After the elephant, we wandered around the stalls for an hour. We saw tanks of fish that would eat the dead skin off your feet, pieces of fried dough that could be dipped in chocolate and cinnamon powders, plenty of grilled meats on a stick, lots of jewelry and even more clothes. Emily and I each purchased a long dress with sleeves. They were both gorgeous (mine went down to my ankles and was a happy sky blue color with a red and white design) and teaching appropriate, so we were quite satisfied with these purchases. I also got some fresh pineapple on a stick, which was delicious; the pineapple here is really good, usually quite a bit more tropical tasting than in the States. It’s as if the pineapple back home has had something surgically removed from its flavor. We also got some dried fruit, in case we needed some food reserves when the flooding hit (but more on that next time).

On our way out, we stopped by to see the elephant again. It really didn’t look happy. Emily mentioned that she thought it probably didn’t get enough to eat, which I’m sure she is right about. It must be expensive to feed an elephant, and the bunches of bananas it gets from tourists are nothing to it. Can you imagine being hungry and being fed one Cheerio at a time from a bunch of tourists, while you are chained in a stall right next to the whole box? It was depressing.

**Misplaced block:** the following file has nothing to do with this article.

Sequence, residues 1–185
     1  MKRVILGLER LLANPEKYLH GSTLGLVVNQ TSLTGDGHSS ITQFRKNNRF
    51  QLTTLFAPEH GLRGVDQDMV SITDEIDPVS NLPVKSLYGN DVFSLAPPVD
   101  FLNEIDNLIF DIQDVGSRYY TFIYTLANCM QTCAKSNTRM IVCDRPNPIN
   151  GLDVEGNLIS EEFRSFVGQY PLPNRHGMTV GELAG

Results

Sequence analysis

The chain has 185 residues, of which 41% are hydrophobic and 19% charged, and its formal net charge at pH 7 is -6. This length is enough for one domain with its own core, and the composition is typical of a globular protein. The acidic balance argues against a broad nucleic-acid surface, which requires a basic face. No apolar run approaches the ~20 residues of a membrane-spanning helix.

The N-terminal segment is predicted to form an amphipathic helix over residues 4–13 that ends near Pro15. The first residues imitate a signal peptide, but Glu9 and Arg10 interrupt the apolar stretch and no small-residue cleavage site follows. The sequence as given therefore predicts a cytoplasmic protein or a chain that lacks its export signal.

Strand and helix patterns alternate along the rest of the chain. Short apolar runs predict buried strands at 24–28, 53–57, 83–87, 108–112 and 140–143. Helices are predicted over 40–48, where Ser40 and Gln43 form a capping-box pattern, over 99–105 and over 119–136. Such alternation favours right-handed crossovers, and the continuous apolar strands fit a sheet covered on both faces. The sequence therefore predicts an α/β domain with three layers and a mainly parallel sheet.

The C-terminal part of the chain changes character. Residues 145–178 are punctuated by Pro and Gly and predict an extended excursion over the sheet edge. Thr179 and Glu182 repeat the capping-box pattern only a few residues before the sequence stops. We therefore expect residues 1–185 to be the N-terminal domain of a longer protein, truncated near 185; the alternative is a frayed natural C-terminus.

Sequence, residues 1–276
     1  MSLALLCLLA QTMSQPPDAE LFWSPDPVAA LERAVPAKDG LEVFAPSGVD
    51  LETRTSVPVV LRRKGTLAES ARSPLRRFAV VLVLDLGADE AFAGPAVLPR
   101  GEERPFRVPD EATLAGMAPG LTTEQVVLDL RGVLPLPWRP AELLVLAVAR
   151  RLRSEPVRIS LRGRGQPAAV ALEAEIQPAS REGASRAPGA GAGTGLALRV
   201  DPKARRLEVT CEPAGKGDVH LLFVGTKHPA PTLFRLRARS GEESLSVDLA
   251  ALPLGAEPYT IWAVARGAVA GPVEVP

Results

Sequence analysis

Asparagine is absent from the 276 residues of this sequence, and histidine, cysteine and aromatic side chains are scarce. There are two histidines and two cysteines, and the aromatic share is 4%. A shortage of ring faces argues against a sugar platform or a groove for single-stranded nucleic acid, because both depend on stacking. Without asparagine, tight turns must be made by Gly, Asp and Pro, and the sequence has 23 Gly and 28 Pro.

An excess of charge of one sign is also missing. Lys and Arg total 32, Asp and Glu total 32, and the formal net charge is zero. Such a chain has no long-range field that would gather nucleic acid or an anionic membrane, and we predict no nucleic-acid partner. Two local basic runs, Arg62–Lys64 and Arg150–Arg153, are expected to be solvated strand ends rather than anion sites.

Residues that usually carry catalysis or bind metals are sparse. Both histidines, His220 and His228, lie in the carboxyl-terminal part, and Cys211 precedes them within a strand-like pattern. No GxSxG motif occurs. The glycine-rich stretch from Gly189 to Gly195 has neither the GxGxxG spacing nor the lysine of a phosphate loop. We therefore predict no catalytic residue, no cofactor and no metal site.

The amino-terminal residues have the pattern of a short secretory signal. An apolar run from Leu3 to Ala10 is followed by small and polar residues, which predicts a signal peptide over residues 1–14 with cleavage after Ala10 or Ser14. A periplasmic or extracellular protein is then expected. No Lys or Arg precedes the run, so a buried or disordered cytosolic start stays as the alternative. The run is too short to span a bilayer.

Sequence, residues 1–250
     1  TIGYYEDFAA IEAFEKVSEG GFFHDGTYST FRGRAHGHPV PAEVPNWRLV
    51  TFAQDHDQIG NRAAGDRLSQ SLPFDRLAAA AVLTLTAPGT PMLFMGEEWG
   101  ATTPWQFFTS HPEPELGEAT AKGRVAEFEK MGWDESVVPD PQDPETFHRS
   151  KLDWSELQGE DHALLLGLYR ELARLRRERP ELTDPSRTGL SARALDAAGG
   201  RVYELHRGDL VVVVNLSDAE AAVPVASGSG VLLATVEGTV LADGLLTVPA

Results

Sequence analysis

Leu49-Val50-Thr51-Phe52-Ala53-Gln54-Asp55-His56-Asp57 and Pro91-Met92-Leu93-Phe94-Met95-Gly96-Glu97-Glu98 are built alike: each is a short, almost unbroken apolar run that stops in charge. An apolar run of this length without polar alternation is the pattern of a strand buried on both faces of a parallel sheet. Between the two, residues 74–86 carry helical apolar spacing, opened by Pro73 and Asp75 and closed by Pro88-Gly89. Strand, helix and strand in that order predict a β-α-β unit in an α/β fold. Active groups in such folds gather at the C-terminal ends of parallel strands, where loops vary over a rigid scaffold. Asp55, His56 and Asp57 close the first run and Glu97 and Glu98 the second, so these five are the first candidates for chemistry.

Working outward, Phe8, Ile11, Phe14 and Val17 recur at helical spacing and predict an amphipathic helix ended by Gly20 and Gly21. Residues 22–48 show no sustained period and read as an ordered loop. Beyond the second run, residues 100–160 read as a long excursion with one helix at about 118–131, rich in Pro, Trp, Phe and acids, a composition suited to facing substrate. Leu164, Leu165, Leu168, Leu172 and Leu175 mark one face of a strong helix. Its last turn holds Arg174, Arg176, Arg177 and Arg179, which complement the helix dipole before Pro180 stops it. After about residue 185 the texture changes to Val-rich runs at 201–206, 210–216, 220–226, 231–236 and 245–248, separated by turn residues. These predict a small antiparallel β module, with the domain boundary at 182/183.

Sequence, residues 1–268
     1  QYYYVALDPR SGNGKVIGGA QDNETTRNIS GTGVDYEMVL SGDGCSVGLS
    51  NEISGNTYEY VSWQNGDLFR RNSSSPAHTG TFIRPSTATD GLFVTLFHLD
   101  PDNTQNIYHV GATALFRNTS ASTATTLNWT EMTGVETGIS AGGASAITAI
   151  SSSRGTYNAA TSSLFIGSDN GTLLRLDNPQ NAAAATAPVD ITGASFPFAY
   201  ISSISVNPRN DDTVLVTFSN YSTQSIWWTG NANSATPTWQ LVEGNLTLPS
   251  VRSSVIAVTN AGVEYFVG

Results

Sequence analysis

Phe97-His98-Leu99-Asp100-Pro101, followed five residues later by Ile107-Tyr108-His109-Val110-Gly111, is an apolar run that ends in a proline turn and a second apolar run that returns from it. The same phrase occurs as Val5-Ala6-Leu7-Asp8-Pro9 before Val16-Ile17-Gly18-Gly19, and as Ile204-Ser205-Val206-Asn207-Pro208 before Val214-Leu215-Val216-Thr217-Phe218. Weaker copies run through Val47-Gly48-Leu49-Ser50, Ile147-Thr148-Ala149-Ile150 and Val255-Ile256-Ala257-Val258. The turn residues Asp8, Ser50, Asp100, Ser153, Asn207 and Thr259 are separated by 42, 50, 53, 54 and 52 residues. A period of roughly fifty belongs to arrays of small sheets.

I couldn’t help thinking about the lemurs I had seen on Walking Street the night before, and even the prostitutes as well, along with the elephant. It all seems so sad, but there’s nothing I can do about it, not really. Indeed, I can’t help but feel weird about the sense of pity of feel. If I was in real dire straits, I wouldn’t want someone to feel sorry for me—what use is that? I would want them to help me, not just walk past looking at me sadly, then keep going and start gushing over the price of jewelry, something I find myself doing quite often. So I try to look, keep my pity to myself and move on. After all, what good is my pity and sadness to them, or indeed to anyone else?

Next time: meeting my school coordinator, going back to Bangkok and the flooding, and my ridiculously oversized bedroom!

3 Comments (+add yours?)

  1. Elliot
    Oct 29, 2011 @ 17:53:32

    I tried those dead-foot-skin-eating fish in Singapore!


  2. Lydia
    Nov 01, 2011 @ 14:10:38

    That cute little animal is most likely illegal. I went to a documentary screening a few weeks ago all about the animal trade through Thailand (a lot of the animals come from Indonesia): http://www.freeland.org/eng/news/press-release/197-exotic-animal-smuggling-ring-broken


Leave a Reply

%d bloggers like this: